One of the things that makes "Saturday Night Live"
funny is that it's on television, so we're supposed to be slightly scandalized
by its irreverence. It takes on sex, religion and politics, subjects that were
out of bounds during TV's early years, and so cloaks itself in a fashionable
daring. We laugh at some of the stuff not so much because it's funny as because
it's on TV at all.
of this is a very bad new comedy named "Wholly Moses!" which is the
first feature film by "Saturday Night" director Gary Weis. The movie
depends for its effect on the kind of shock value the TV show has, and it seems
to he under the impression that that's enough. It kids the Old Testament, it
has angels with wings that fall off, its narrator says things like "He sat
her upon her ass," and we're expected to laugh.
didn't. The movie's not funny on its own, and since movie audiences are
scarcely going to be shocked by its mild but relentlessly repetitive
irreverence, it all boils down to a very old joke. The screenplay is third-rate
college humor, a "satire" that doesn't dare really satirize its alleged
source, a newly discovered Dead Sea scroll, since the audience might not have
heard of the Dead Sea scrolls, and so tries for laughs instead with one of the
oldest gimmicks in the book: dressing people up in Biblical costume and having
them speak in contemporary terms.
Weis doesn't know that comic actors, even good ones, are rarely funny in and of
themselves. They need characters to play, and they need funny material.
"Wholly Moses!" doesn't have it. Example: Madeline Kahn plays an
itinerant aphrodisiac peddler. She gives Dudley Moore a lift in her cart, he
guzzles some of her patent aphrodisiacs and begins to get fresh, and she pushes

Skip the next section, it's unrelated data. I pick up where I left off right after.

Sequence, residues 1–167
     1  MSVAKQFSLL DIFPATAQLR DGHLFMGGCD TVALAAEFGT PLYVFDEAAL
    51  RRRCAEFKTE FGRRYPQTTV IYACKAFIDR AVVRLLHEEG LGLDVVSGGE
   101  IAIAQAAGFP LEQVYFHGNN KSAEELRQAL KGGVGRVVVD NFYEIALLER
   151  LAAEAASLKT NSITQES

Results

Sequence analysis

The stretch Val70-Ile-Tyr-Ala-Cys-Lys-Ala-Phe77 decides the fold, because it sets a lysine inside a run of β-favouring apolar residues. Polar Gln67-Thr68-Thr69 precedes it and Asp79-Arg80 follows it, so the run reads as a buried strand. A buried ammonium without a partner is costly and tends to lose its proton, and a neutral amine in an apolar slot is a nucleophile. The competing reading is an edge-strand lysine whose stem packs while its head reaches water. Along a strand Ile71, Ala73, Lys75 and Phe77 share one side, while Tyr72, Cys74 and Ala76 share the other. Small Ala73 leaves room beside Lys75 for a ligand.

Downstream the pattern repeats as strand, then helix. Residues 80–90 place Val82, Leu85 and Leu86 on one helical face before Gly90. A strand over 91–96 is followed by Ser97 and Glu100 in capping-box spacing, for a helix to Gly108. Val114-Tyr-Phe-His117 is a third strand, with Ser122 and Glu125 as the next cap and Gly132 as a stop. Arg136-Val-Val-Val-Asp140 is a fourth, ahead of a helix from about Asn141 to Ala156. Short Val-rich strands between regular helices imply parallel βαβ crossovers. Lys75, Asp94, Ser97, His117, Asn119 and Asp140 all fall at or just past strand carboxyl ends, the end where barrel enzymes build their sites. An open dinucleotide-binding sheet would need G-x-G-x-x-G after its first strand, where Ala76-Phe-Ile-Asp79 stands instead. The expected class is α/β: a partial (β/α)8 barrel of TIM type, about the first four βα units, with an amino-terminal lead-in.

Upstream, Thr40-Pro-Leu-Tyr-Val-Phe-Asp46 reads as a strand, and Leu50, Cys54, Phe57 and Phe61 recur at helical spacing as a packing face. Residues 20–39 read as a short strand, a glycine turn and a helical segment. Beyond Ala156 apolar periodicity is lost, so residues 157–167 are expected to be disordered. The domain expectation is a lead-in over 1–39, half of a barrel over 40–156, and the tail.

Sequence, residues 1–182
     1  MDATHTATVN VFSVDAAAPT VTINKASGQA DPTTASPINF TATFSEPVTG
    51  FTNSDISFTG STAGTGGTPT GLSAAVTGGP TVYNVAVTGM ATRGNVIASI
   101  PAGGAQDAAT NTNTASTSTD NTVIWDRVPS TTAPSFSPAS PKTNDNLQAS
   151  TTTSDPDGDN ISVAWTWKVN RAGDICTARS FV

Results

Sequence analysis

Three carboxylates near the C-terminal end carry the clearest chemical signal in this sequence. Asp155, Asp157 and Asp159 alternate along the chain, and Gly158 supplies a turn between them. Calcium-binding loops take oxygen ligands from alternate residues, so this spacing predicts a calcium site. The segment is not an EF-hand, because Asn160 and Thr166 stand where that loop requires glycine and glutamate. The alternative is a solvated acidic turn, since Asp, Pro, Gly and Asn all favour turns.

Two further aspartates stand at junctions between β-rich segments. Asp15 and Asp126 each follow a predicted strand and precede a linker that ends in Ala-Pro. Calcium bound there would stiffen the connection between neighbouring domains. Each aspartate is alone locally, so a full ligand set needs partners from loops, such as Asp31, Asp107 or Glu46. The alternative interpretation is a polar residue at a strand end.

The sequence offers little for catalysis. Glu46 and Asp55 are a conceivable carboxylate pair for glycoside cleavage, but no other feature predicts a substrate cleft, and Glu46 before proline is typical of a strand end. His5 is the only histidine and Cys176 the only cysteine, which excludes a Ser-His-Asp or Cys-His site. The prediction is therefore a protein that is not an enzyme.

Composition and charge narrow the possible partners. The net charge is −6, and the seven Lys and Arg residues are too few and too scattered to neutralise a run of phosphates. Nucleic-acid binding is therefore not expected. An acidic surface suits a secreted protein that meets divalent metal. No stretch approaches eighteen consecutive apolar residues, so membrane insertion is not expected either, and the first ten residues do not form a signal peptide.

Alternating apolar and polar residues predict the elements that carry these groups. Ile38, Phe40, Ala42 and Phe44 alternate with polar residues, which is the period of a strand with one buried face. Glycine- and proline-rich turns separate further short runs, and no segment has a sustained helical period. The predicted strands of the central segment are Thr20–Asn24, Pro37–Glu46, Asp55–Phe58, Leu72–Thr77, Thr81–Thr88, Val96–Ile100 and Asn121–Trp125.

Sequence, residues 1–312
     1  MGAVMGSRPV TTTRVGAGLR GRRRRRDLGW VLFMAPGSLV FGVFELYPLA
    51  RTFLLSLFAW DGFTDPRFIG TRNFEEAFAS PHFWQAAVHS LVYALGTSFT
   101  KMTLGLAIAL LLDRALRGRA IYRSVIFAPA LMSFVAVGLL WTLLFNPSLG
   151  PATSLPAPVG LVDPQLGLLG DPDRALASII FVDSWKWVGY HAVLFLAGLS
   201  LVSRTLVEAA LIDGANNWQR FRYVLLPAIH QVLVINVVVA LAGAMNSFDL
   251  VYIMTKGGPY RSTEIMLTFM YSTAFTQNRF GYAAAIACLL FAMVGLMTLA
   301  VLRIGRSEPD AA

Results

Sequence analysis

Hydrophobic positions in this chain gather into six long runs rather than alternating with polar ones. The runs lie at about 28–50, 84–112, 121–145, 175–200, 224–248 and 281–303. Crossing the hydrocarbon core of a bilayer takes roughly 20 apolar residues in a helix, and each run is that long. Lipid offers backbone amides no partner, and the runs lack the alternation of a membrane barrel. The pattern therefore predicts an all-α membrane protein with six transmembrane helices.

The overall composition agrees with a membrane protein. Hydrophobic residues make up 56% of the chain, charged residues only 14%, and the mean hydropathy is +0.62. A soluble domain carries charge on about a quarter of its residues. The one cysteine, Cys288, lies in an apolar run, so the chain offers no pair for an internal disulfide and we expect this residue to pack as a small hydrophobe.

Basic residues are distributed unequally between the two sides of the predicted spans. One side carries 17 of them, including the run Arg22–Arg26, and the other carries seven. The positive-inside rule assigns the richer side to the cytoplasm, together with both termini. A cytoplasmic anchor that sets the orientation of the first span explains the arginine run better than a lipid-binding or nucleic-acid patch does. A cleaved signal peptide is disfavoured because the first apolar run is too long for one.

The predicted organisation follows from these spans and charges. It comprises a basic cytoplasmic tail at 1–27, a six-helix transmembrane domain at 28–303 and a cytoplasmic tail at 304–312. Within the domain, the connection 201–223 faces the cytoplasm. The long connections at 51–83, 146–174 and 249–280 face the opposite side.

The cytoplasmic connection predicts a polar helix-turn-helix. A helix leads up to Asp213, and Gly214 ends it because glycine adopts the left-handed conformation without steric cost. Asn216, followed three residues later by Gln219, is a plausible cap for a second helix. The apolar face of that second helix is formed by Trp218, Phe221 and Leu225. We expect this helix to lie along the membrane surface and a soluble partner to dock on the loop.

him out of the cart. That's it. But the movie finds it necessary to supply two
shots of the sign painted on her cart, so we'll remember she sells aphrodisiacs
and get the joke. This movie was made either by or for very stupid people, or
measurement of its failure is Dudley Moore's hapless performance in the lead.
Moore is a very funny actor, something he has proven not only in his big hit
comedy "10" but also in thousands of stage appearances with his
sometime sidekick Peter Cook, and in a wonderful but half-forgotten 1968 comedy
named "Bedazzled." Here he's totally at a loss.
movie is told in flashback, and he plays both a tourist who stumbles across
some hitherto undiscovered Dead Sea scrolls, and the hero of the scrolls. The
scrolls are about Hershel, a baby boy whose tiny boat of rushes was floated
onto the Nile at the same time as Moses', but who had the misfortune to be just
a little bit further upstream all of his life. Moses gets the glory, and
Hershel forever finds himself trying to put out the fire in the burning bush.
If the idea here sounds familiar, maybe that's because it's parallel to Monty
Python's more accomplished (and more successfully shocking) "Life of
marches manfully through the script, but the movie sabotages all the
performances with a sound track that sounds phoned in from the bottom of a
well, and with editing so inept that Moore's big scene with Pryor has
backgrounds that don't match from shot to shot. Nor are Pryor and Moore in the
same shot for most of the scene, which looks as if Pryor was encouraged to do
his schtick and then reaction shots of Moore were edited in afterward. The
whole movie's like that: It feels like a series of "guest star" cameo
appearances on a TV show we wouldn't want to see in the first place.